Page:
Future-proofing the transport infrastructure
But much as we may accept that immediate solutions aren’t the ‘big ideas’ we ultimately want, we also need to make sure we’re not still having this discussion in 10 years, or when the landmark HS2 station opens in the city – in fact, that should be our goal, to have a fully integrated transport network by the time HS2 is bringing thousands of people into the city.
President of Leeds Chamber of Commerce, Gerald Jennings, sees the post-trolleybus state Leeds is in as the perfect opportunity to start thinking about the transport network in a completely different way. He told us, “Previously we’ve thought about things like trains, roads, buses, air travel, as separate entities rather than joining them all together because that transport thing has to be all one thing. So if I’m using my car on a road I shouldn’t just think ‘I’ve always got to use the roads.’ I should think, ‘How can I switch from between two and make it easy for me?’”
The reality for Leeds is that one big plan focussed around one new mode of transport isn’t likely to do the job – but a big plan that introduces progressive new modes of transport that link to and support our existing system, that really could work. There’s a real opportunity (and a big funding commitment) to change the way we think about our transport network. In the past, it’s been what Gerald describes as a “piecemeal approach”, with different modes of transport being thought of in different ways, but there’s now an opportunity for Leeds to invest in the whole transport network, to link the ones we have and build on them to create something the works.
A key factor in this is the fact that the city centre is constantly changing, and will continue to do so in the years to come. The new residential developments cropping up across the city, and in particular on the South Bank, should be seen as a way of helping to improve the city’s traffic problems by bringing more people into an extended city centre.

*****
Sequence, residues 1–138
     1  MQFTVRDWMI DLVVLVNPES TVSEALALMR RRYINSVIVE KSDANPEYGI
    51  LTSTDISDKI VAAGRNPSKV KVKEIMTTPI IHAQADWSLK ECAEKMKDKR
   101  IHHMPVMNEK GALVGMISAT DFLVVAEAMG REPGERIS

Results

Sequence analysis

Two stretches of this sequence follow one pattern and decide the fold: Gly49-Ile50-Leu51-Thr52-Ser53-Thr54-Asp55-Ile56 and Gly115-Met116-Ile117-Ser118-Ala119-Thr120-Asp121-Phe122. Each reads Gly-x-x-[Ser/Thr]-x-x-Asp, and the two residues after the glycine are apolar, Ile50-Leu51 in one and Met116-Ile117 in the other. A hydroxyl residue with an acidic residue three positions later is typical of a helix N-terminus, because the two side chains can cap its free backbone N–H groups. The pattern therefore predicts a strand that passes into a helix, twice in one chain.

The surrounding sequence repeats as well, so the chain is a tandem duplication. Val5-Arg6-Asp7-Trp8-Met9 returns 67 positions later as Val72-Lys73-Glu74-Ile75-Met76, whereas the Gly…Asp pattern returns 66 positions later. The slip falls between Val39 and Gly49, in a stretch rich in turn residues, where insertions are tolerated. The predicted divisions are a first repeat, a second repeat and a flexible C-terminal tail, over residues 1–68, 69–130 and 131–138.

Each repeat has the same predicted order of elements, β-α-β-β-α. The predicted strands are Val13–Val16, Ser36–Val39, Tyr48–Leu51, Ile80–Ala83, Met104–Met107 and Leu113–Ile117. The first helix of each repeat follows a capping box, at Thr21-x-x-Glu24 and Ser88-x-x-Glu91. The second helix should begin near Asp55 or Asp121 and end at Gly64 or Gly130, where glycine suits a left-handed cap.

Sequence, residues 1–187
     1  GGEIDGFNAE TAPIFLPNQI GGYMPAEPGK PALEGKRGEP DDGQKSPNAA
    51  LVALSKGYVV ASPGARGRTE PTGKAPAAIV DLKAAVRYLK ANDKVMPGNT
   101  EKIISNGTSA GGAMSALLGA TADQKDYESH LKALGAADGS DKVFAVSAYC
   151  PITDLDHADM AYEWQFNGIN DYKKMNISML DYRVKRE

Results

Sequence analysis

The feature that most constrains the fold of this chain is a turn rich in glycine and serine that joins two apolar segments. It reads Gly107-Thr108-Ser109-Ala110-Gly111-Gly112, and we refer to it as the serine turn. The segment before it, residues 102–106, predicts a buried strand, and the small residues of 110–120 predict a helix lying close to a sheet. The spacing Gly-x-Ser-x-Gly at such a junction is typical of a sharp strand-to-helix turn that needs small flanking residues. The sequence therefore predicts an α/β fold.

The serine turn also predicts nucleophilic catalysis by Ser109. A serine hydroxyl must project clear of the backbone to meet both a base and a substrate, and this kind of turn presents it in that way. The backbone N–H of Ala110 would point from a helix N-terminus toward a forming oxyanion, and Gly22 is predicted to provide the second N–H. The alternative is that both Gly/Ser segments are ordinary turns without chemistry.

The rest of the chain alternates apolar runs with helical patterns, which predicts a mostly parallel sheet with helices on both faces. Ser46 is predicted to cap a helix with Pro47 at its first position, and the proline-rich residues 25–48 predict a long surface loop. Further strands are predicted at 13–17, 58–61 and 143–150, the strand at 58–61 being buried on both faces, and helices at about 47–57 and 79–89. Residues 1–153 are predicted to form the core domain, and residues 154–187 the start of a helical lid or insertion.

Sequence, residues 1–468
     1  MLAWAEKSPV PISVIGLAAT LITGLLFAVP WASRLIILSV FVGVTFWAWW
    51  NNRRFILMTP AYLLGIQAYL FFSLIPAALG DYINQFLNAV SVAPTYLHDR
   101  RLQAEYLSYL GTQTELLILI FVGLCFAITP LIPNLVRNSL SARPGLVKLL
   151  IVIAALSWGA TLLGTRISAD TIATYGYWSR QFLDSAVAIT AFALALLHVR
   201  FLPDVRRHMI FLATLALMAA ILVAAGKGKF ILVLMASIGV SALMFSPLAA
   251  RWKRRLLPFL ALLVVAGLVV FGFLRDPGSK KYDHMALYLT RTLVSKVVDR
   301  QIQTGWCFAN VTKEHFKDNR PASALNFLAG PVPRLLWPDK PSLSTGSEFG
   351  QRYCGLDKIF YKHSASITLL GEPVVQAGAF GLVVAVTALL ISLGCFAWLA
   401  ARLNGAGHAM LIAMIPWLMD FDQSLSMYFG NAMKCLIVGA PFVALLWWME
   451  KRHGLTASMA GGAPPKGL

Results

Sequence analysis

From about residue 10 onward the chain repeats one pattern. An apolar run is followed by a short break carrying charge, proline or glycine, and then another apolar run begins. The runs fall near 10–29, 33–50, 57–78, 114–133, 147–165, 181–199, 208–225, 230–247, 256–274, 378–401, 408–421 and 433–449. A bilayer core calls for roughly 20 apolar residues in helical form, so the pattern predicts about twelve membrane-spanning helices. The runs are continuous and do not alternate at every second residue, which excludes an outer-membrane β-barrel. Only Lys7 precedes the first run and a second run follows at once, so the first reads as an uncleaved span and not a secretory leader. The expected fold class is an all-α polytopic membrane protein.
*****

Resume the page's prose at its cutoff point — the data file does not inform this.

It’s something Jennings envisions as having a massive impact on making the future of the city’s transport network a success, “Part of the answer is to reduce the level of commuting into the city and the way you do that is by increasing the attractiveness of city living. So we’ve got the South Bank in Leeds which is a huge area and will be an extension to the city centre south of the river. There will be lots of new houses and places to live down there.”
As those developments show, Leeds is a thriving city, despite our out of date transport system, but if we want to take it up a notch, we need to up our game. What Leeds needs to do now is make a concerted effort to ease our current problems by building on what we have and making plans for the future – a future that needs to include a next generation transport system akin to our neighbours. And time is of the essence, because Leeds can’t continue to be a laughing stock when it comes to getting around.
Tram-train image copyright South Yorkshire Passenger Transport.